December 16, 2013 by Todd
When this article may be helpful
In a family law matter, it is still common for there to be one main income earner and also for one person to have control over the property of the relationship. When separation occurs, this can mean that they are in a better position to get a good lawyer to help them get the best outcome. However, the other party (who may have stayed at home to look after the kids or who only works part-time or casually) can be put in a difficult position. They don’t have access to a regular income necessary to pay legal fees. Nor do they have access to savings or other property to pay for a lawyer.
Do you have any options?
If you are not the main income earner or if you don’t have the savings to pay for a lawyer, you do have other options. In a family law property settlement, one of those options involves asking a Court to make an order that your ex pay you a sum of money to help you pay your legal costs.
What is involved in this application?
In part, it depends on where the Court decides it is drawing the power to make the order from. It can make the order as a maintenance order, a property settlement order, or a costs order. However, the following matters are likely to be relevant in any such application and should be addressed in your documents:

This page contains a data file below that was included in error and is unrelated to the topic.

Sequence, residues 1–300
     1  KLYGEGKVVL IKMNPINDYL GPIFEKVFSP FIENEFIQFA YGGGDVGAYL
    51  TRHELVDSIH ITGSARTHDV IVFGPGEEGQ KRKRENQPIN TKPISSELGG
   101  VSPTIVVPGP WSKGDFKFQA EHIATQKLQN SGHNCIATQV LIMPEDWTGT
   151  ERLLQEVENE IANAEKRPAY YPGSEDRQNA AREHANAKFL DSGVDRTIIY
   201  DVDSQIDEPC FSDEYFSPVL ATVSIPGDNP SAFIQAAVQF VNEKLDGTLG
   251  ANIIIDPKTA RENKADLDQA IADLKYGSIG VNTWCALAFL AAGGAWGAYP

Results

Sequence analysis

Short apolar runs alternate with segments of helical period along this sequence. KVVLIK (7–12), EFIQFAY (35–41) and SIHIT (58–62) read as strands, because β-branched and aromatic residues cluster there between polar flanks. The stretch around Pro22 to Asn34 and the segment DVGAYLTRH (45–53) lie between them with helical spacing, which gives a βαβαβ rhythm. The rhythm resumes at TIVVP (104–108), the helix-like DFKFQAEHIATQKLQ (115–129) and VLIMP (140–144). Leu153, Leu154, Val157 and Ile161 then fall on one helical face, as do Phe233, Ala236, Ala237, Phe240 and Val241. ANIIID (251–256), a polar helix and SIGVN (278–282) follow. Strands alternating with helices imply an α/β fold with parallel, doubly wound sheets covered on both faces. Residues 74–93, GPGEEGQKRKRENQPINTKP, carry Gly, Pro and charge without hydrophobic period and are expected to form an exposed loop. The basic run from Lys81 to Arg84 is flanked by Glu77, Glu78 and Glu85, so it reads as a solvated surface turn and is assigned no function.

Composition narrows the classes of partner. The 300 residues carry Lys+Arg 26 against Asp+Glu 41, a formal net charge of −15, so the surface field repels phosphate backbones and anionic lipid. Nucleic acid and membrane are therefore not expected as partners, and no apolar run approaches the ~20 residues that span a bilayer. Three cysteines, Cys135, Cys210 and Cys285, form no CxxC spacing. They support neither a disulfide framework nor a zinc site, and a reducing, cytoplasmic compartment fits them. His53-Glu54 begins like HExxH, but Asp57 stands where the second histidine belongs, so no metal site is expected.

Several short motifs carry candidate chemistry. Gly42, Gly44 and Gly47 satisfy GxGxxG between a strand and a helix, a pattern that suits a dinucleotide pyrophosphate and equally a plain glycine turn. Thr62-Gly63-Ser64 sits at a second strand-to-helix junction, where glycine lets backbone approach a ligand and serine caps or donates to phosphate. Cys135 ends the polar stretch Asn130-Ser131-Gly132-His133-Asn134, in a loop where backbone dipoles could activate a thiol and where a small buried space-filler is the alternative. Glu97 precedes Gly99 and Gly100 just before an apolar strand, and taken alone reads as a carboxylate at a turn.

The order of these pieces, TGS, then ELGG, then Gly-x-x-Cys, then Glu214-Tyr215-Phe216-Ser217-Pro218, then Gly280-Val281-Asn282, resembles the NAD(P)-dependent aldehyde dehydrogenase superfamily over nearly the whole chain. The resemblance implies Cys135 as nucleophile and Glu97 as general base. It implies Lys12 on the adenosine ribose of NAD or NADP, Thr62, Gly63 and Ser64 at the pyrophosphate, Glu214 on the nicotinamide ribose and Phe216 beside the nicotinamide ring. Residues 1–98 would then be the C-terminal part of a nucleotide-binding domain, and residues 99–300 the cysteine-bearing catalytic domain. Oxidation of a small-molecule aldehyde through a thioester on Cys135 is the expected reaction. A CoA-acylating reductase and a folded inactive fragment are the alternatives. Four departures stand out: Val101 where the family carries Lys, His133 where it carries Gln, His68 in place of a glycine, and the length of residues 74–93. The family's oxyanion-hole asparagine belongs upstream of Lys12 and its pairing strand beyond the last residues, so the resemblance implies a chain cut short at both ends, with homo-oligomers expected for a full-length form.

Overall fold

(a) Whether you are able to fund your own legal costs. For example, do you have savings from which you can pay your legal fees? If not, whether you can get a lawyer to represent you and what this would mean for your case.
(b) The financial circumstances of you and your ex.
(c) Whether there is a particular source from which you think your ex can pay any ordered sum.
(d) What enquiries you have made about other sources of finance, such as Legal Aid and loans from others.
(e) The likelihood that your case will be successful.
(f) Evidence as to your costs to date and estimated future costs. This may include evidence that your lawyer or other witnesses do not carry costs and are not prepared to undertake further work without the assurance that their fees will be paid as and when invoices are issued.
(g) What amount are you asking for? How likely is it that you will incur those costs? Is your matter likely to settle before a hearing? If so, is it necessary to make an order at this stage for the costs of a later stage? Or can the question of those costs be dealt with later?
What to do now
Need further information? Don’t just see a family lawyer. See a family law master, and let our knowledge be your edge. Contact us now.
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